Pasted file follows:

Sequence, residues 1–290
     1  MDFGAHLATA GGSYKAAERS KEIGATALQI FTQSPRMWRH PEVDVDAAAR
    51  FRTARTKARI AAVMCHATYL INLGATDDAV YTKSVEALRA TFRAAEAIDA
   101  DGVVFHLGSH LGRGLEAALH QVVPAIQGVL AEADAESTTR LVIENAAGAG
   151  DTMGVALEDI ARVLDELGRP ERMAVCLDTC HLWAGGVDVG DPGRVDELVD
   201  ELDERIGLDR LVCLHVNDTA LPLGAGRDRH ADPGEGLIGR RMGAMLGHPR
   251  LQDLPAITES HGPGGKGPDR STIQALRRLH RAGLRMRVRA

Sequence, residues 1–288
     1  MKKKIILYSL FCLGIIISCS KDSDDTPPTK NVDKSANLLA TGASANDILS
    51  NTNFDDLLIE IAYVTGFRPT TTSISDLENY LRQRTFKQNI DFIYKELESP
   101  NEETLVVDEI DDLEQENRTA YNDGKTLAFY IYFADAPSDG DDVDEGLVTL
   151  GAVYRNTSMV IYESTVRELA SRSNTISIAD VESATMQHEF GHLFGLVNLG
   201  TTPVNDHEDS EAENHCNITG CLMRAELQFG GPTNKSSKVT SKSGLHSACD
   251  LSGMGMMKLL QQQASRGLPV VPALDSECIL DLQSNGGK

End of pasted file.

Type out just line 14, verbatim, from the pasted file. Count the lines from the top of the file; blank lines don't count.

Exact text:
   251  LSGMGMMKLL QQQASRGLPV VPALDSECIL DLQSNGGK